The Spanish Language Family Orientation was implemented in July 2013 to better serve the growing number of Spanish speaking families by providing in Spanish the services already in place through the Office of Parent Programs.

The Center for Mexican American Studies (CMAS) has a variety of programs designed to support the unique needs of the Hispanic population it serves.

The ARMAS Center opened in 2009 to support students majoring in Science, Technology, Engineering and Math (STEM) disciplines at New Mexico Highlands University (NMHU) as well as the faculty who teach them.

The focus of the STARS program is to ensure that students who place at a developmental level in math and English upon entering college take these courses early. STARS faculty have found that students often postpone taking developmental courses and in turn do not have the required courses to transfer to four-year institutions.

Initiated in Fall 2005, the Student Employment Initiative (SEI) is part of a retention and timely graduation strategy that recognizes the compelling need of students to work while attending college.

Encuentro Hacia El Exito – Encounter to Excellence (ETE) has been designed to permanently increase the institution’s capacity to dramatically shift the number of freshmen students achieving success during their first two years.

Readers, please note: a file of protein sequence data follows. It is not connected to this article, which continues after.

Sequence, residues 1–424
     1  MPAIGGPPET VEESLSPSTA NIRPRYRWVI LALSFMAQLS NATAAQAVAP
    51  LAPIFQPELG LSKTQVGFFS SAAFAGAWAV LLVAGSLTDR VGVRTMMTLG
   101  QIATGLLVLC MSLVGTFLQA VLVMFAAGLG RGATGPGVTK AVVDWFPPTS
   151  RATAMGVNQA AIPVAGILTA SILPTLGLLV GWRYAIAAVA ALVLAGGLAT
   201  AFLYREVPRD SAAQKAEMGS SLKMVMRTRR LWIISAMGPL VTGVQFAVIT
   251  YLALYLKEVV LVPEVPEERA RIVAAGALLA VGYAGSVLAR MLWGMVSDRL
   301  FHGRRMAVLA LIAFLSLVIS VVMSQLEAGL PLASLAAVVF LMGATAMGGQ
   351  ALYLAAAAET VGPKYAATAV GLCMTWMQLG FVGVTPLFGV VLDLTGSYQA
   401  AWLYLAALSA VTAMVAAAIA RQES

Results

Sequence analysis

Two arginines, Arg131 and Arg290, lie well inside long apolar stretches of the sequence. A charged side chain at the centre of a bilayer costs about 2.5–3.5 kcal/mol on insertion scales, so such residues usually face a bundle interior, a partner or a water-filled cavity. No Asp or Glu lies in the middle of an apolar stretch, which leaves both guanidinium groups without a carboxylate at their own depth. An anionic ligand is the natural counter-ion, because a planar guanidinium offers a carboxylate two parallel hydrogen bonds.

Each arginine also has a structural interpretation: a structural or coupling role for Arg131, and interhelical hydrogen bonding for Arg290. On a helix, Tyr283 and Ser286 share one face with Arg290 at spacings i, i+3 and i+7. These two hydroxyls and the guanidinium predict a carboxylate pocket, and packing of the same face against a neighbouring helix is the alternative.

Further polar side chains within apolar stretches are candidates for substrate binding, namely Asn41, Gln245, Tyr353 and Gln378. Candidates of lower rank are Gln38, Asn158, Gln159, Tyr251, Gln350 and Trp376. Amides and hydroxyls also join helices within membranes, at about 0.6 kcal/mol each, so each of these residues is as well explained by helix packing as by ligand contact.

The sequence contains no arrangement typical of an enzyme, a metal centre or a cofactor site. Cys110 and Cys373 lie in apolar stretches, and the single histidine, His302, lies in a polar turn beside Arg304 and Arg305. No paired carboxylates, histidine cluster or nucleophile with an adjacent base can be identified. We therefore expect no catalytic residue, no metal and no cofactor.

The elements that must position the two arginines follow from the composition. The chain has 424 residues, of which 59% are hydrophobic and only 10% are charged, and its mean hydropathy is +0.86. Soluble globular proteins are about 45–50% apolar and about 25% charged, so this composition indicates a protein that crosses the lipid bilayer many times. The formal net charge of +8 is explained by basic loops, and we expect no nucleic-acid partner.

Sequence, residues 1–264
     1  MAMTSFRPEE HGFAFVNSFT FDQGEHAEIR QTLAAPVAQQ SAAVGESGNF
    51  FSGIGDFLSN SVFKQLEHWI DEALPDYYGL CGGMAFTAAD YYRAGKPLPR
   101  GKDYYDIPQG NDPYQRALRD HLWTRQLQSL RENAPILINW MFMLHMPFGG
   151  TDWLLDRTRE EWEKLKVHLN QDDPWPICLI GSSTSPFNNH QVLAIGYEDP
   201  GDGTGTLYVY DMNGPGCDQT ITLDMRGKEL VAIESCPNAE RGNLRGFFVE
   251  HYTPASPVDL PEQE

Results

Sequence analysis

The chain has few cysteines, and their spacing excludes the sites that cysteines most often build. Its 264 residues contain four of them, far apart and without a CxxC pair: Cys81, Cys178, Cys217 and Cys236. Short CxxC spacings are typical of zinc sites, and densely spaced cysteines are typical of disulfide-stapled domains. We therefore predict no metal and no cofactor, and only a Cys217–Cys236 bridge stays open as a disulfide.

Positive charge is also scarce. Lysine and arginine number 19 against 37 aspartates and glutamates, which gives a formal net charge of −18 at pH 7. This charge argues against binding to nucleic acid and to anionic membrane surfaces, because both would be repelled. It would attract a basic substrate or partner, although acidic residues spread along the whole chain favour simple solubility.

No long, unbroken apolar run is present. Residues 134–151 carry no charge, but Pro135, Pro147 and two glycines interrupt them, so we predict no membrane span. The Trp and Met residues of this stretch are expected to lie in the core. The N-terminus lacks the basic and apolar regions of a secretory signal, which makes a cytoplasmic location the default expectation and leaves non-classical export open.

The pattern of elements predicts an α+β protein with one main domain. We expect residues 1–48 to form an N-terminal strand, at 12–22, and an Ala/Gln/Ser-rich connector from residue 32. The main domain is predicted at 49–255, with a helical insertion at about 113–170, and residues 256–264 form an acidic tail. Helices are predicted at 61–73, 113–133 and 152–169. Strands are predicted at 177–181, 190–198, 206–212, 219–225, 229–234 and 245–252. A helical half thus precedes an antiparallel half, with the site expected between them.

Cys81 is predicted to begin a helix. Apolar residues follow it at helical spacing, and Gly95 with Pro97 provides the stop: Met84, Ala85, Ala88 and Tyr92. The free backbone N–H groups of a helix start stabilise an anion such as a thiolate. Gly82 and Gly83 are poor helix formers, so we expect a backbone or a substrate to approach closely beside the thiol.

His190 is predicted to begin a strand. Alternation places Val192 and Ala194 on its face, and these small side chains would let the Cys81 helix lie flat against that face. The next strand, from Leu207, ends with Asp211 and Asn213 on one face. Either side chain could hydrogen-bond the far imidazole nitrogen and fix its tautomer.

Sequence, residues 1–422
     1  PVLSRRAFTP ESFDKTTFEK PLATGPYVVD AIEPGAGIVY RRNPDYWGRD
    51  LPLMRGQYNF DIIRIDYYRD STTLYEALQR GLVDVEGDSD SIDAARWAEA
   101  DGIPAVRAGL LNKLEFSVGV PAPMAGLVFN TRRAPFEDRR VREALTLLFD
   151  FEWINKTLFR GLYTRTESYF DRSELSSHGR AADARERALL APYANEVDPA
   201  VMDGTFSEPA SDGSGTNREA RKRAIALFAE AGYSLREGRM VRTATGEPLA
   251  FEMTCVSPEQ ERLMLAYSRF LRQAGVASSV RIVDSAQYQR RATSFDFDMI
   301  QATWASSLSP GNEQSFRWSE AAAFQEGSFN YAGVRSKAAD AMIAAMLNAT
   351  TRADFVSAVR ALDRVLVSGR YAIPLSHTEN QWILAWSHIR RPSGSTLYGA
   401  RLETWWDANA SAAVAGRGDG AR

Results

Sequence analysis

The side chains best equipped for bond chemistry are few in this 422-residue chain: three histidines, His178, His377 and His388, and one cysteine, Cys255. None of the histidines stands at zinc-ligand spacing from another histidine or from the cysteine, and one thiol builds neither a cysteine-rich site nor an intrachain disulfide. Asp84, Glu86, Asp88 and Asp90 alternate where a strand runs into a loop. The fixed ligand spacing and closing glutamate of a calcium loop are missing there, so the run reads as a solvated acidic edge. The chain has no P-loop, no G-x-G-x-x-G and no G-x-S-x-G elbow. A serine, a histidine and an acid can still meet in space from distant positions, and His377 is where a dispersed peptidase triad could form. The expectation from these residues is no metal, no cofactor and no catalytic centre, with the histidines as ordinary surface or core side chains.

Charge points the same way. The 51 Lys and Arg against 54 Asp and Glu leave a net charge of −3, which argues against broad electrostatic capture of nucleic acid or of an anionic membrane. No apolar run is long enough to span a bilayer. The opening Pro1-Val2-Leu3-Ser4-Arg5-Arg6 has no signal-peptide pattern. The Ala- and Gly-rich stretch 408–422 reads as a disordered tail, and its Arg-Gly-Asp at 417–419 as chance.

Established in 1972, St Edward’s University (SEU) has the only CAMP that has been in continuous operation. The CAMP enables students from migrant and seasonal farm worker families to achieve their dream of a college degree. These students are first-generation college goers, who have often times experienced disruptions in their primary and secondary education while migrating with their families to work in the fields.

To help integrate first-year multicultural college students into the college environment, the Office of Minority Affairs established the Multicultural Student Mentor Program (MSMP) in 1988 as a retention strategy to welcome and help incoming students in their transition and adjustment to the university environment.

Since 2008, the Center has programmatically supported doctoral training of historically underrepresented students, especially Latinos and American Indians through a center focusing on health policy.  The Center is preparing future leaders who can address the social inequities that affect the nation’s health and well-being as well as improving the health care delivery and financing system.

The purpose of the School of Natural Sciences, Mathematics, and Engineering (NSME) is to increase the number of students earning a STEM degree, with a specific focus on increasing the number of under-represented minority, and particularly Latino, students.